Along with sentence construction, grammar is another pillar of language development. At some point between the ages of 2 and 5, kids will add prepositions and conjunctions such as "on" and "that" to their sentences. They'll master the tricky rules of pronouns and differentiate future and past tenses. Making mistakes is how children fine-tune these skills. For example, when a child learns that -ed indicates the past tense, you might hear sentences such as "We wented to the store."
Don't be surprised to see your child's vocabulary grow exponentially through her first few years. This is because her growing brain is biologically programmed to absorb new information. "Between ages 2 and 3, it takes very few exposures to a word before children start to use it in their own speech," Paul says. It's a process called fast mapping. In contrast, "Imagine how many exposures it would take us, as adults, to learn new words in a foreign language."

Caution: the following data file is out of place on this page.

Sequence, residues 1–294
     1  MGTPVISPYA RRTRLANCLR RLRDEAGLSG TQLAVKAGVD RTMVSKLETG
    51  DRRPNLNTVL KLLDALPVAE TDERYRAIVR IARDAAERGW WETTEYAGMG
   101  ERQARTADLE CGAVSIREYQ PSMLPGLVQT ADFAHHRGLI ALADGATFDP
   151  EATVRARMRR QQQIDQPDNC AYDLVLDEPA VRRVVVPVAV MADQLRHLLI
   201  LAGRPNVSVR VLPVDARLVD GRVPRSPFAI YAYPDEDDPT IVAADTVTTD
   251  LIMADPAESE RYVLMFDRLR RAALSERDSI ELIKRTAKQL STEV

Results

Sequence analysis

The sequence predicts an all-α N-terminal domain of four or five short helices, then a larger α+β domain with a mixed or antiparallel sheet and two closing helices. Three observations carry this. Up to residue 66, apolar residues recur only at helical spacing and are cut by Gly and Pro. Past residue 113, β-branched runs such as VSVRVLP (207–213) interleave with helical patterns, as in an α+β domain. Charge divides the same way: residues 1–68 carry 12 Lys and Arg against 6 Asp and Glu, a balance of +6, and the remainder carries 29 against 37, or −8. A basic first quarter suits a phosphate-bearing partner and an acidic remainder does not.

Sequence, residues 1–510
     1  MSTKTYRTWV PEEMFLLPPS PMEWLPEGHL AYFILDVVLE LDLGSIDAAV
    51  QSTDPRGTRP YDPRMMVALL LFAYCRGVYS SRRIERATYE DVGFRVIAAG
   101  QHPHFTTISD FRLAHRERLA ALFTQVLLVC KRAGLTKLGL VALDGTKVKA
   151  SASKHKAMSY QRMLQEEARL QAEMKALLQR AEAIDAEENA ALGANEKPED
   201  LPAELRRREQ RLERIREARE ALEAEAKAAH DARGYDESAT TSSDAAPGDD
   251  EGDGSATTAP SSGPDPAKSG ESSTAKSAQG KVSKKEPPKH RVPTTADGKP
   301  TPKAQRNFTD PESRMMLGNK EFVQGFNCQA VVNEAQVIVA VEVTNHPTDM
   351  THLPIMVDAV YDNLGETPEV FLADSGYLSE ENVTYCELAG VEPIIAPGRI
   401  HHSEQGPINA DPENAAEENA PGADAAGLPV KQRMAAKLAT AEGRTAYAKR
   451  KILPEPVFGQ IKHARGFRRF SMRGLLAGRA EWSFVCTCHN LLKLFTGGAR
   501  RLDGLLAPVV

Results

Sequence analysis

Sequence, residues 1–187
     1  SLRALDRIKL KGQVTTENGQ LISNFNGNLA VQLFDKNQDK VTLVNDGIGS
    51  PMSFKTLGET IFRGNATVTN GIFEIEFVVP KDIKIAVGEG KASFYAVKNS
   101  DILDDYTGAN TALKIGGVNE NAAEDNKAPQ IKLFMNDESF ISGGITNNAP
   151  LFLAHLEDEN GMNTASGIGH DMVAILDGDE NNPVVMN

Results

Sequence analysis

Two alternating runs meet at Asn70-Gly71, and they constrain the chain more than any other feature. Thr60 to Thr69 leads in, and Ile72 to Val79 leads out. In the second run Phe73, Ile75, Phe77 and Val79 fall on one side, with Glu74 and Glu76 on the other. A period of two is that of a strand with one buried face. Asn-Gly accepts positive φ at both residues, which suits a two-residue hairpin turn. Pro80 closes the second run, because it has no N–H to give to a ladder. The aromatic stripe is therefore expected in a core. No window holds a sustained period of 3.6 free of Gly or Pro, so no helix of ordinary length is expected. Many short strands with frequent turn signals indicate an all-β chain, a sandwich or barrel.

Fast mapping does have its drawbacks, especially if the process helps your child pick up a word he heard you howl out when you slammed your finger in a drawer. "Try not to react or respond to inappropriate language," Paul says. "If they get a huge response, whether it's negative or positive, they're more likely to repeat the undesirable words."